An interesting side note to this story is that the long-known ‘strand of hair’ varieties of the 1¢ Small Queen were ALSO caused by over-rocking of the transfer roll, but in these cases the over-rocked designs were also of the 1¢ Small Queen design and not a different value. These then can be correctly referred to as strongly misplaced entries.

 

To see what is likely the worst copy of the 5¢ on 6¢ Small Queen in existence, (but it’s mine!)  ;)  click *HERE*.

 

Jump down to the 'Lesser' 5¢ on 6¢ area - HERE


   

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*1

Scott 43c

6¢ Red Brown

5¢ on 6¢ Small Queen

Plate B, Position #25

 

 

 

 

 

 

 

 

 

 

 

 

 

 

 

 

 

 

 

 

 

 

 

 

 

 

 

 

 

 

 

 

 

 

 

 

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The 5¢ Small Queen design that can be found as a band through the upper portion of the 6¢ design.

Example #1 - ^ Above is a mint copy of  the 5 on 6, Courtesy Saskatoon Stamp Centre

Example #2 - ^ Courtesy of Garfield Portch

Example #3 - ^ Courtesy of Ted Nixon ^ (Sold at t he recent Eastern Auctions Sale on March 10, 2012)

Example #4 - ^ Courtesy of R. Maresch & Son Auctions, Sale 476, February 28, 2012 ^

Example #5 - ^ Anonymous

Example #6 - ^ Courtesy of Eastern Auctions Ltd ^ A gorgeous mint copy recently sold by Eastern Auctions in early 2013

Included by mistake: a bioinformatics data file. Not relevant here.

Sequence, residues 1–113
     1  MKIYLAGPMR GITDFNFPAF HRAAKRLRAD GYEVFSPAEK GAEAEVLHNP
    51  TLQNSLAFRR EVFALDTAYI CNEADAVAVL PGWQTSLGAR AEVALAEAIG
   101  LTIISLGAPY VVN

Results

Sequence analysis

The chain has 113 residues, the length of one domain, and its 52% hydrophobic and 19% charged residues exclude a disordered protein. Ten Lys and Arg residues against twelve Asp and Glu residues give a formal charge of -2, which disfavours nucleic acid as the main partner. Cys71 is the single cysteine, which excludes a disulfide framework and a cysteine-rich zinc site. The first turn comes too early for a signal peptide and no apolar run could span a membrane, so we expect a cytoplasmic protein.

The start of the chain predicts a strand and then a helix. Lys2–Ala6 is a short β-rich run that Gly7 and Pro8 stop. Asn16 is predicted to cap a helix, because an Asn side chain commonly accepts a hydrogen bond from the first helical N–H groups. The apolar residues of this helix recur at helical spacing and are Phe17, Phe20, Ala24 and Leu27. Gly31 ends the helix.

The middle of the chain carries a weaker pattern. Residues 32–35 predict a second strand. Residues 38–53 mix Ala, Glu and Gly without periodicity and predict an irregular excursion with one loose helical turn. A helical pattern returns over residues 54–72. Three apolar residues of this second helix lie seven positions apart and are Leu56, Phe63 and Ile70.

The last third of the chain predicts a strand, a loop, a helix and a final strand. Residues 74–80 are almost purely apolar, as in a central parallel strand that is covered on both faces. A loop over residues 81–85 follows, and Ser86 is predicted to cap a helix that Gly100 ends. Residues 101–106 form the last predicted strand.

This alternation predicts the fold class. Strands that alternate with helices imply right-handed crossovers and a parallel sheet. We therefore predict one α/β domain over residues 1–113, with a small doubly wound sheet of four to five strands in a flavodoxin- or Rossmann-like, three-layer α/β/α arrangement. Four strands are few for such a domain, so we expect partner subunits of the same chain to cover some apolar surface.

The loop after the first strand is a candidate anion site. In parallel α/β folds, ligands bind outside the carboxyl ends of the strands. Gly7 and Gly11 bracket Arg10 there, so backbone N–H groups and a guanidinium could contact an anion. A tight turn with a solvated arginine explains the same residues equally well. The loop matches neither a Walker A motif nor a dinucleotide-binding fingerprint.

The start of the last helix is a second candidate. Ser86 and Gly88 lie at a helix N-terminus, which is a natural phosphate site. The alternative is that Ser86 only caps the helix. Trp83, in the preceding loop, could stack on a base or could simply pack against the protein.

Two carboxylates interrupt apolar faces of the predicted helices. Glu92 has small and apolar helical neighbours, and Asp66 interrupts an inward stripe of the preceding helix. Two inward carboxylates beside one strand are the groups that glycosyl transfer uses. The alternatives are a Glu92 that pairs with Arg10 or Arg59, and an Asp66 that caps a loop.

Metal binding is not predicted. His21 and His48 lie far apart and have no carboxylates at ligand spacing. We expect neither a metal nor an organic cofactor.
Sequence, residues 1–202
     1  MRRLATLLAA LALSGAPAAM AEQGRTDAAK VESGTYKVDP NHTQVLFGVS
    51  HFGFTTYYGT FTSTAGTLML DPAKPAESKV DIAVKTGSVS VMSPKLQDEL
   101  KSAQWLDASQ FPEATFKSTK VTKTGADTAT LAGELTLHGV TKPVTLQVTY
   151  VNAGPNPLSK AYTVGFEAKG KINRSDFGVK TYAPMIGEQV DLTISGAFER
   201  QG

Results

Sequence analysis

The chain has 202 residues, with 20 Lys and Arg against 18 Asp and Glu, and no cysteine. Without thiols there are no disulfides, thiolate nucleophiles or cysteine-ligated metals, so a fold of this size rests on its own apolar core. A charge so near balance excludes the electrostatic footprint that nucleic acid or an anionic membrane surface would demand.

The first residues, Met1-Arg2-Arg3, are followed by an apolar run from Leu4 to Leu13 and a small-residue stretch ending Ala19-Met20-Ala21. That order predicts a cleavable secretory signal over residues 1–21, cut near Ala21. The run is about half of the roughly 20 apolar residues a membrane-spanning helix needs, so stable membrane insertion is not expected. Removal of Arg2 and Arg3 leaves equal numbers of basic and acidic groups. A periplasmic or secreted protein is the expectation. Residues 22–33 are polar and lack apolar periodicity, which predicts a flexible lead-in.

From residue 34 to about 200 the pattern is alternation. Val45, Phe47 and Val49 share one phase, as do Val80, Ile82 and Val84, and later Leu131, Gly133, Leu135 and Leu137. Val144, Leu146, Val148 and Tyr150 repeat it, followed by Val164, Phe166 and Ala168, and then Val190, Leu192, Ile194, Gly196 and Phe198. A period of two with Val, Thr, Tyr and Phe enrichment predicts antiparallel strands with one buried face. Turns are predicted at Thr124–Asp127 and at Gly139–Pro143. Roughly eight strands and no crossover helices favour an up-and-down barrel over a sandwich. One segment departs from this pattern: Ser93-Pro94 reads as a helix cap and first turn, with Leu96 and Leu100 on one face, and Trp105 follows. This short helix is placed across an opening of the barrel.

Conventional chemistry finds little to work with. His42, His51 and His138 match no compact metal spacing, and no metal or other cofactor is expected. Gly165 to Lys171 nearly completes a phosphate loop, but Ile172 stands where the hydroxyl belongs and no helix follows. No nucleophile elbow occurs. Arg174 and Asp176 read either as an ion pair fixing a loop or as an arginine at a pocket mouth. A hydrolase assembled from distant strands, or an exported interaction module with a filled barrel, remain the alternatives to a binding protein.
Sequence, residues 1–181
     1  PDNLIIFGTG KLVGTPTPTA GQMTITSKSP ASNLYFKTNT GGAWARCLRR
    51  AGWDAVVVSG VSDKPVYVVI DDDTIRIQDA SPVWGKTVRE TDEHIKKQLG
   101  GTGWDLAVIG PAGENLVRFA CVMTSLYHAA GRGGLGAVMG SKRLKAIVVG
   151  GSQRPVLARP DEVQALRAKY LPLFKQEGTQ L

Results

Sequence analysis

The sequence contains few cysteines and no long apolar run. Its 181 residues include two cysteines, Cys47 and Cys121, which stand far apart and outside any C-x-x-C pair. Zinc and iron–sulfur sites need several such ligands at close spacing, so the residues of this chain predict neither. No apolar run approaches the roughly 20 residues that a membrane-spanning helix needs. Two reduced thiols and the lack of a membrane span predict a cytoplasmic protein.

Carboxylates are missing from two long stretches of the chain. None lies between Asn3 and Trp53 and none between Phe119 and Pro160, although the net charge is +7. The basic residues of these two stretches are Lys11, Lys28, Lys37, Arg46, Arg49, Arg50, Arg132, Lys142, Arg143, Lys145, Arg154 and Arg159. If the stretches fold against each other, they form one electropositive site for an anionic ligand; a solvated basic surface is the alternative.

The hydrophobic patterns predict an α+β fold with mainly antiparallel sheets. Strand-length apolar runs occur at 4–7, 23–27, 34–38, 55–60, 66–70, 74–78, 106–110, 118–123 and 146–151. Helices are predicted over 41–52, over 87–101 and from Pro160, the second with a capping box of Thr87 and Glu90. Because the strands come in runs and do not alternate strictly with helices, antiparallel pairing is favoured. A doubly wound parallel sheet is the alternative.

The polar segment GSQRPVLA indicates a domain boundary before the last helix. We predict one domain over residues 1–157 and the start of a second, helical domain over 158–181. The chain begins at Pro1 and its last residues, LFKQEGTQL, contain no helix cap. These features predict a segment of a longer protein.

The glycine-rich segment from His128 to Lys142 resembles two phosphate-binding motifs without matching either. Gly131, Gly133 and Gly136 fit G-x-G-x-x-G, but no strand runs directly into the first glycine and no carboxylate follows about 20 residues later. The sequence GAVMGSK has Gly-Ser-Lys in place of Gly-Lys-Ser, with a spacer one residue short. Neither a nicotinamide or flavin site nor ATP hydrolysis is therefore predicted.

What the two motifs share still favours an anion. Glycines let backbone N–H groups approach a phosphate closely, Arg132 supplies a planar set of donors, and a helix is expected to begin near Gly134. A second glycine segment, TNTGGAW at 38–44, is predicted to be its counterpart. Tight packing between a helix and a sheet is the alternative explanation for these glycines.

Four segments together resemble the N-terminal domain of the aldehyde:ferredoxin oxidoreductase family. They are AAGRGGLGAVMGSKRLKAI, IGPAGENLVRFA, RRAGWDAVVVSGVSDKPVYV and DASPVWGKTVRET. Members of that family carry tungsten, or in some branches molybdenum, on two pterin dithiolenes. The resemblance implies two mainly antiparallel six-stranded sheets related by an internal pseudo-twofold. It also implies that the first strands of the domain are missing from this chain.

Example #7 - ^ Courtesy of Eastern Auctions Ltd ^ An amazing used block of 6 with B25 at bottom centre recently sold by Eastern Auctions in early 2013

Example #7 (2) - ^ Courtesy of Eastern Auctions Ltd ^ The gorgeous single from the above block of 6

Example #8 - ^ The Worst Copy in Existence - The RETrimble Collection

Example #9   ^ From the RETrimble Collection ^   (It's a shame about the missing perf at the top!)

 



 

*2  

Scott #43c

 

 

 

 

 

 

 

 

 

 

 

 

 

 

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This article below originally appeared in BNA TOPICS in 1993.

 

THE SEVEN PLATE POSITIONS OF THE 5¢ ON 6¢ SMALL QUEEN

by Ralph E. Trimble

As we are all aware, the controversy of the 5¢ entry on the 6¢ design of the Small Queen Issue rages on. Over the past two years, along with the concerns about how the variety occurred, we have had the added problem of the lesser 5 on 6s that have been shown to exist in Positions 11, 20 & 21 of the A Plate, which are typified by the arc through the tiara and slight indications of some horizontal and vertical lines from the 5¢ design. These shall be dealt with further on.